Chicago will experience its first teachers’ strike in a generation from Monday morning, unless a last-minute settlement can be reached in the dispute between unionized public school teachers and Chicago Mayor Rahm Emanuel.
As time runs down to the start of the strike, it’s looking increasingly likely that the third-largest city in the U.S. will see almost 30,000 public school teachers and support staff walk out from the job at 12:01 a.m. on Monday, September 10.
The strikers, who are represented by the Chicago Teachers Union (CTU), are opposed to a number of reforms proposed by Rahm Emanuel, including stricter teacher evaluations tied to student test scores, and principals being given wider latitude in hiring. Emanuel’s recommendations come after he pushed through a longer school day earlier this year.
CTU President Karen Lewis revealed to reporters on Friday evening that negotiators had made precious little progress, and confirmed that talks would continue on Saturday:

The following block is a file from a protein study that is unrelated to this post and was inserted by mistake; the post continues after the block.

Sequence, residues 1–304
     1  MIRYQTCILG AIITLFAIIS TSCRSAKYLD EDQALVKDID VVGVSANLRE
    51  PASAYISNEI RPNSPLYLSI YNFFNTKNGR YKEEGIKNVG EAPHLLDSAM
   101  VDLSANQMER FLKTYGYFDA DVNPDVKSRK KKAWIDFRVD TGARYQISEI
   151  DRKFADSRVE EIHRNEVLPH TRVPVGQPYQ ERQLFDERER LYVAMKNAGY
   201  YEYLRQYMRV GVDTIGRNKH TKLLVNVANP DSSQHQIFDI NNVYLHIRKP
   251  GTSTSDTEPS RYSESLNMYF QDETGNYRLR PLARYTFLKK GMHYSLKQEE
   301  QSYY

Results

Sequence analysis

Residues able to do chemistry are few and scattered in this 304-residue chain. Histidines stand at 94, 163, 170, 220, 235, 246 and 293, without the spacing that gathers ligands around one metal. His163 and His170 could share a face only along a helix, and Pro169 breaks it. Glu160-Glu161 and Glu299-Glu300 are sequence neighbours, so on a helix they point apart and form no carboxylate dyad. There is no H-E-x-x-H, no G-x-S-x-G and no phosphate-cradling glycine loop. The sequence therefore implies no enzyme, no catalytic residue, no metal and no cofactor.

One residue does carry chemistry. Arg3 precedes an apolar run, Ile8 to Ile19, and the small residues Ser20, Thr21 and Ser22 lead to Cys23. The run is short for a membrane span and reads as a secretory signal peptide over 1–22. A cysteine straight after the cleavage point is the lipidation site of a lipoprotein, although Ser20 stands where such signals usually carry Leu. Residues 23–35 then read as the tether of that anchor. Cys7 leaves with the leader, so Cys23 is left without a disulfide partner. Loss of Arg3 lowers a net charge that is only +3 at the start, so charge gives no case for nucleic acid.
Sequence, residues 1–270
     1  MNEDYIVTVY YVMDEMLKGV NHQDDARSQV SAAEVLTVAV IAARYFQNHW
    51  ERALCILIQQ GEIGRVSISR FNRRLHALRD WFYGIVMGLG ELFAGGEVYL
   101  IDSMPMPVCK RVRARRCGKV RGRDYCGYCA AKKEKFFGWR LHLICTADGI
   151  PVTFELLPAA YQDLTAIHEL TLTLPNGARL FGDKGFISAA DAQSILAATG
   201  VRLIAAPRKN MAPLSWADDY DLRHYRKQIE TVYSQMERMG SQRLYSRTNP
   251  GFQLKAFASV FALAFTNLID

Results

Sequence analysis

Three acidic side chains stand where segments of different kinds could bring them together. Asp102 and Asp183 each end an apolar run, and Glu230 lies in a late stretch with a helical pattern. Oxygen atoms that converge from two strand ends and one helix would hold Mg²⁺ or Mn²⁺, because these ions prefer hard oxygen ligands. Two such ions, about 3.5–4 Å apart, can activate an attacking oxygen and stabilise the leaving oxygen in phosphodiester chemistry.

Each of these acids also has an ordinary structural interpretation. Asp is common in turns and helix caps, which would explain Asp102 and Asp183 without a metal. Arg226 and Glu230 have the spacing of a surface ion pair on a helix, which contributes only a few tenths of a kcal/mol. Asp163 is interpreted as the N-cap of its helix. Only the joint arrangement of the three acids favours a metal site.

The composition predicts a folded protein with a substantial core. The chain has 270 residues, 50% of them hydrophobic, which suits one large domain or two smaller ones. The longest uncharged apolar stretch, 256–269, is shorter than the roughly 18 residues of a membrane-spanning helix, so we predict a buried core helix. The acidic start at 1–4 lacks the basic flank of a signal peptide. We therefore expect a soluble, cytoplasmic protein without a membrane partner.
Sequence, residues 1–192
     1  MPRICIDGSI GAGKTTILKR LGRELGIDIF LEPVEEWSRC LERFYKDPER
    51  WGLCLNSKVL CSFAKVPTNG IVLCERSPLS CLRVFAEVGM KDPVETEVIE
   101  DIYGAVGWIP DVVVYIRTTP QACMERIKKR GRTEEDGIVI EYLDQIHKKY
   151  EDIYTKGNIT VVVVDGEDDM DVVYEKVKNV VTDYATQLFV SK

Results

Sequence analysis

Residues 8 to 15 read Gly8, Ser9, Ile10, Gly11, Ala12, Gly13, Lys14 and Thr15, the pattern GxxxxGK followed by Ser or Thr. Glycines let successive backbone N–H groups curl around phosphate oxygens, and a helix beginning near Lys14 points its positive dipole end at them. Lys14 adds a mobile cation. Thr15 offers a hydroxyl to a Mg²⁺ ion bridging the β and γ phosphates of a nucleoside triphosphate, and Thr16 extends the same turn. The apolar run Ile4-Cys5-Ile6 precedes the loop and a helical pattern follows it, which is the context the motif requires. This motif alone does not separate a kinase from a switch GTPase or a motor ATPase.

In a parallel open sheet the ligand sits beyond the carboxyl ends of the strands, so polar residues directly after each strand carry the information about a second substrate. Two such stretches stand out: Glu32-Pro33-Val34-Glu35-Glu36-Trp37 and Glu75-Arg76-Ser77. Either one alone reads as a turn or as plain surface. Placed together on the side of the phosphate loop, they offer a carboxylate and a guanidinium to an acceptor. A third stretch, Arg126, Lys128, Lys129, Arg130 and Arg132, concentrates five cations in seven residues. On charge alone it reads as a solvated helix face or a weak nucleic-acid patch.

“We were told that we were going to get a proposal that would answer some of our biggest issues, and it did not.”
From the other side of the negotiating table, Chicago School Board President David Vitale described how the two sides had a “good meeting” on Friday. While the remaining differences are still unclear, it’s known that the union has asked for an increase on the 8 per cent pay raise over four years offered by Chicago. The school district argues that a large budget deficit means it cannot afford such concessions, and points out that major credit rating agencies have downgraded its debt rating.
If it goes ahead, the walkout would easily qualify as one of the largest labor actions nationwide in the past decade. Ripples from the proposed strike action could also be felt nationwide; the Democrats are counting on unions such as teachers to push for votes in their favor, in what increasingly looks like being a knife-edge election.
Chicago’s public school system, the third largest in the country behind those of New York and Los Angeles, has more than 400,000 students enrolled.
The city is preparing for strikes with a $25 million ‘strike contingency fund.’ The money would be used to provide breakfast and lunch to students in the district, 84 per cent of whom qualify for free and reduced-price meals at school. The fund will also go towards paying for four hours of supervision at some schools, churches and other public venues.
Do you have children who attend school in Chicago? Let us know in the comments what you make of the proposed strike action.